Cavendish Club

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The Cavendish Club was a prestigious contract bridge club founded in 1925 by Wilbur Whitehead in association with Gratz M. Scott and Edwin A. Wetzlar. Initially located at the Mayfair House (65th and Park Avenue) in New York City, it relocated several times[1] with a final address in a townhouse on 73rd. St. It ceased operations at the end of May 1991 as a result of rent escalations and falling membership.[2]

The Cavendish had reciprocal arrangements with Crockford's in London, the Golfer's in Paris and the Savoy in Hollywood, California.

In 1975, the Club inaugurated the Cavendish Invitational Pairs, now one of the strongest and most prestigious invitational contract bridge events in the world.[2]

Notable members[edit]

The membership was held to 400 and included many notable bridge players - Mitchell Barnes, John Crawford, Harry Fishbein, Sam Fry, Charles Goren, Oswald Jacoby, Edgar Kaplan, Albert Morehead, Harold Ogust, Howard Schenken, Freddy Sheinwold, Helen Sobel, Samuel Stayman, Tobias Stone, Harold Vanderbilt and Waldemar von Zedtwitz[3] [4]

Management[edit]

From 1941, the Cavendish Club was a not-for-profit membership corporation, managed by B. Jay Becker 1941-1947 and Rudolf Muhsam 1947-1973 (also club secretary), Thomas M. Smith 1973-1987, Thomas L. Snow, 1987-1990 and Richard Reisig, 1990-1991.

Presidents were: Gratz M. Scott, 1925-1935; Frank Crowninshield, 1935-1947 Nate Spingold 1948-1958 Samuel Stayman, 1958-1961 and 1981-1982 Howard Schenken, 1961-1964 Harold Ogust, 1964-1967 Leonard Hess, 1967-1970; Edward Loewenthal, 1970-1973 Roy V. Titus, 1973-1976 and 1980-1981 Archie A. Brauer, 1976-1979 Yehuda Koppel, 1979-1980 and 1985–86 William Roberts, 1982-1985 Sidney Rosen, 1986-1987 Claire Tornay, 1987-1990, and Thomas M. Smith, 1990-1991.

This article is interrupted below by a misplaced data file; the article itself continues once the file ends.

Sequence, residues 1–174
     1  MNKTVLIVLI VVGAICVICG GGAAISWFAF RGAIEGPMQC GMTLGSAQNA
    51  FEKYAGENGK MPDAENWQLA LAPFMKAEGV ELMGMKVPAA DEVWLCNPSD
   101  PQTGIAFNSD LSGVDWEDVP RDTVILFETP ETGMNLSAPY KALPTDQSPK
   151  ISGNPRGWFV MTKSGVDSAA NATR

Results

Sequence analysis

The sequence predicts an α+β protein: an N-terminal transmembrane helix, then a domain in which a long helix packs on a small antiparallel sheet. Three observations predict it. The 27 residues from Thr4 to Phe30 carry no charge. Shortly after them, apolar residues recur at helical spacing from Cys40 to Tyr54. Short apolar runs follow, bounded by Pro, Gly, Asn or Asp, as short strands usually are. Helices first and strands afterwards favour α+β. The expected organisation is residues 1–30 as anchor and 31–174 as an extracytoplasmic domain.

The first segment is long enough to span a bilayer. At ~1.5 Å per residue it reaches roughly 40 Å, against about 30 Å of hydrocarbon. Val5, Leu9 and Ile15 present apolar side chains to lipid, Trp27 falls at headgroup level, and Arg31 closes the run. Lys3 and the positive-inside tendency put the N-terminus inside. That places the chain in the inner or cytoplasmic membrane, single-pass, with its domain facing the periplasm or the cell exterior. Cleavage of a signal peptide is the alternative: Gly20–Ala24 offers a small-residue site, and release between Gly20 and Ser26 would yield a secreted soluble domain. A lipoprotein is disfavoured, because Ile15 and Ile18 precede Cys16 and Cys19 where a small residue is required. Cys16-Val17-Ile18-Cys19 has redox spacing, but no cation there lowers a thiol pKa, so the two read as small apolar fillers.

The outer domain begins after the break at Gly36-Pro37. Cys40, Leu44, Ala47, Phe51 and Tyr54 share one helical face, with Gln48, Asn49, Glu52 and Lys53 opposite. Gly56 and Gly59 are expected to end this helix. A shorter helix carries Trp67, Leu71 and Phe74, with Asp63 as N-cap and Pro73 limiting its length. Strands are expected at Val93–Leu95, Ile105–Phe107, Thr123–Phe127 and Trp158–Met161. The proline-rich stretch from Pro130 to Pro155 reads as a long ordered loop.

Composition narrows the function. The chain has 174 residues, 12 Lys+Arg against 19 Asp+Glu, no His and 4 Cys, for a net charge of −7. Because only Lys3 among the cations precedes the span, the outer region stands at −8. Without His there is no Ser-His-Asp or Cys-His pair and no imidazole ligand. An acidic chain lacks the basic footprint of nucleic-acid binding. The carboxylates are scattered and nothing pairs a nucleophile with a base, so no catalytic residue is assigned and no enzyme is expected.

References[edit]

  1. ^ In 1933, the Club moved to the Ambassador Hotel; in 1938, it took over the former quarters of the Crockford’s Club which was a private house then owned by Ely Culbertson; at the Ritz Tower Hotel 1950-1965; at 23 Central Park South 1965-1974; in 1974, it moved to the Carlton House, stayed until 1983, and after a brief stop on 48th Street, ended in a townhouse on 73rd. St. Reference: Paul Groman, ed. (1968). "The Cavendish". Popular Bridge. Encino, CA: Behn-Miller Publishers. 2 (4): 40–41.
  2. ^ a b Manley, Brent, Editor; Horton, Mark, Co-Editor; Greenberg-Yarbro, Tracey, Co-Editor; Rigal, Barry, Co-Editor (2011). The Official Encyclopedia of Bridge (7th ed.). Horn Lake, MS: American Contract Bridge League. p. 25. ISBN 978-0-939460-99-1.CS1 maint: Extra text: authors list (link)
  3. ^ Paul Groman, ed. (1968). "The Cavendish". Popular Bridge. Encino, CA: Behn-Miller Publishers. 2 (4): 40–41.
  4. ^ Olsen, Jack (1960). The Mad World of Bridge. New York: Holt, Rinehart and Winston. p. 123. LCCN 60-9675.